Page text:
Statistical analysis

When the subject of a comparison was included in all three groups, a one-way analysis of variance (ANOVA) test was conducted, followed by the Tukey test to verify the results. When the subject of a comparison included in two of the patient groups, an independent sample t-test was performed. Differences were considered statistically significant if the p value was less than 0.05.

Results

CBCT images of the patients in the three study groups (normal occlusion, skeletal class II malocclusion, and skeletal class III malocclusion) were compared with respect to the position of the mandibular foramen. The findings are summarized as follows.

Patient groups

Of the 100 patients, 45 patients were men and 55 were women, with a mean age of 21.5 ± 3.2 years. Of the 30 patients with normal occlusion, 13 were men and 17 were women, with a mean age was 21.8 ± 3.4 years. The average sella-nasion-A point angle (SNA) was 83.05°, the average sella-nasion-B point angle (SNB) was 80.22°, and the ANB averaged 2.83°. Of the 40 patients with skeletal class II malocclusion, 15 were men and 25 were women, with a mean age of 22.2 ± 3.0 years. The average SNA was 82.42°, the average SNB was 76.38°, and the average ANB was 6.04°. Of the 30 patients with skeletal class III malocclusion, 17 were men and 13 were women, with a mean age 20.7 ± 3.2 years. The average SNA was 81.42°, the average SNB was 82.53°, and the average ANB was −1.12° (Table 3).

Table 3 Sex, age of each group

Inter-group comparisons

There were no significant difference in ‘D’, the anterior-posterior position of the mandibular foramen, and in ‘W’, the anterior-posterior width of the mandibular ramus among three groups. But there were significant difference in ‘V’ and ‘P’, the vertical position of the mandibular foramen (p <0.05). The average V measurements (s-MF) were 21.59 mm in the normal occlusion group, 20.49 mm in the skeletal class II malocclusion group, and 18.77 mm in the skeletal class III malocclusion group. The average P measurements (l-MF) were 0.10 mm below the occlusal plane in the normal occlusion group, 0.03 mm below the occlusal plane in the skeletal class II malocclusion group, and 2.79 mm higher the occlusal plane in the skeletal class III malocclusion group. In addition, the average values of R (s-mandible lower border), the length of the mandibular ramus, differed significantly among the three groups (p <0.05): 48.38 mm in the normal occlusion group, 44.47 mm in the skeletal class II malocclusion group, and 52.94 mm in the skeletal class III malocclusion group. These results indicate progressive increases in the length of mandibular ramus from the skeletal class II malocclusion group to the normal occlusion group to the skeletal class III malocclusion group (Table 4).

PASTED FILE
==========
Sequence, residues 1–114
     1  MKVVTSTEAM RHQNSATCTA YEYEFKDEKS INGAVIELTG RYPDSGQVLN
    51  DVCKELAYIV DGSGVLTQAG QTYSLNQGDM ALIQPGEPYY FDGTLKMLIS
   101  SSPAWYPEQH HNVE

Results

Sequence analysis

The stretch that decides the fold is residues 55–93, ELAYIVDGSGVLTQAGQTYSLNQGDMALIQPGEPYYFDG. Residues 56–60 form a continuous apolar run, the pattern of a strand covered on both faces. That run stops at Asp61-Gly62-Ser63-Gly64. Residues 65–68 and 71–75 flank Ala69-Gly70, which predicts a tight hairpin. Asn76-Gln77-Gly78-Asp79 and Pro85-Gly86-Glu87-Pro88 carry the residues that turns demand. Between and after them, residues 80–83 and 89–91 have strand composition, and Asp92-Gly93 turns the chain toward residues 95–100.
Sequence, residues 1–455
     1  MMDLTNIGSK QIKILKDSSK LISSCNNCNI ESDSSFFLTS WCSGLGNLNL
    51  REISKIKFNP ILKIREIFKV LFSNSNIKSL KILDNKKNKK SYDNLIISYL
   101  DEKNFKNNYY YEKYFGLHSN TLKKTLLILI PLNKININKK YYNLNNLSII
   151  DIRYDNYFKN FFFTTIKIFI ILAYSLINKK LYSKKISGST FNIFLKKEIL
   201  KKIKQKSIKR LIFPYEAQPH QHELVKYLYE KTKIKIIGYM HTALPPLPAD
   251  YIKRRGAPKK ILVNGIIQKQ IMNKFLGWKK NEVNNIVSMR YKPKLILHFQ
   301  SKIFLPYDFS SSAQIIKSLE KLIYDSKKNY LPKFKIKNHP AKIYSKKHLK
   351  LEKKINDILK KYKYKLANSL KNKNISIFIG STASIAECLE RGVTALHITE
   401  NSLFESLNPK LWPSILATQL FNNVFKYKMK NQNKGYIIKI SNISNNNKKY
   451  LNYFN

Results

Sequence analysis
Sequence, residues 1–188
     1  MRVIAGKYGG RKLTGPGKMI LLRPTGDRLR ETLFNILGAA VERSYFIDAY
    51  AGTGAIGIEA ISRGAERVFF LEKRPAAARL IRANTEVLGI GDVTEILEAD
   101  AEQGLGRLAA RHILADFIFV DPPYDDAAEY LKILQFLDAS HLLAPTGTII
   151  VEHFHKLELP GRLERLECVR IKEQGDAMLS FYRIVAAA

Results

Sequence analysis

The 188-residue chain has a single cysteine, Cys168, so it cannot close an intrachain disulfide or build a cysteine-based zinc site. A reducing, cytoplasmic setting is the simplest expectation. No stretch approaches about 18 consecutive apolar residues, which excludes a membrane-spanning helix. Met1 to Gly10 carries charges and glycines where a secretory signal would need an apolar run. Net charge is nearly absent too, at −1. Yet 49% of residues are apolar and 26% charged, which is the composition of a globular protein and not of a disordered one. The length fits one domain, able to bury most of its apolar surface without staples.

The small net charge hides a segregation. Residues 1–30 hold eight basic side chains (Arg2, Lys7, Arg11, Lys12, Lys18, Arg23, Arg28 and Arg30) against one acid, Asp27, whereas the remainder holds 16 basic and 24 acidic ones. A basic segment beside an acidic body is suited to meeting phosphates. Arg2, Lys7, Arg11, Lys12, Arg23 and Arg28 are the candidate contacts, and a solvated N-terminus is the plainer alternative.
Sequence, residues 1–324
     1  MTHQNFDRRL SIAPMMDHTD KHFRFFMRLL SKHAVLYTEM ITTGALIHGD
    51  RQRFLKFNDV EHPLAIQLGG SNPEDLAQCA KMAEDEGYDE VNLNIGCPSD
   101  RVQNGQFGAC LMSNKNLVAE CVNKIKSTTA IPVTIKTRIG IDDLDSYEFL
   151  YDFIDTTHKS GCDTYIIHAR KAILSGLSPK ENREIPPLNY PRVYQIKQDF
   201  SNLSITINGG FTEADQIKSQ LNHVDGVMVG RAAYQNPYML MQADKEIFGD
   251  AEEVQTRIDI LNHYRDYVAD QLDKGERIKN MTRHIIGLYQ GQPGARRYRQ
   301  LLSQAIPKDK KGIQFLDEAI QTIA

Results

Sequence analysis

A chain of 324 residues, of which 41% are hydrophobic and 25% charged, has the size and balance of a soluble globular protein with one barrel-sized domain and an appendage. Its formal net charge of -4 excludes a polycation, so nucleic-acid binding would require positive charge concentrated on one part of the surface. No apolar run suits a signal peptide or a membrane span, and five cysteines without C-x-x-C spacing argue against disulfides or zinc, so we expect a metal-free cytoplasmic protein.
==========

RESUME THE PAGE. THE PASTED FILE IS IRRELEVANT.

Table 4 Comparison of normal occlusion, skeletal class II and III malocclusion group

Gender comparisons within each group

Comparisons between male patients for each group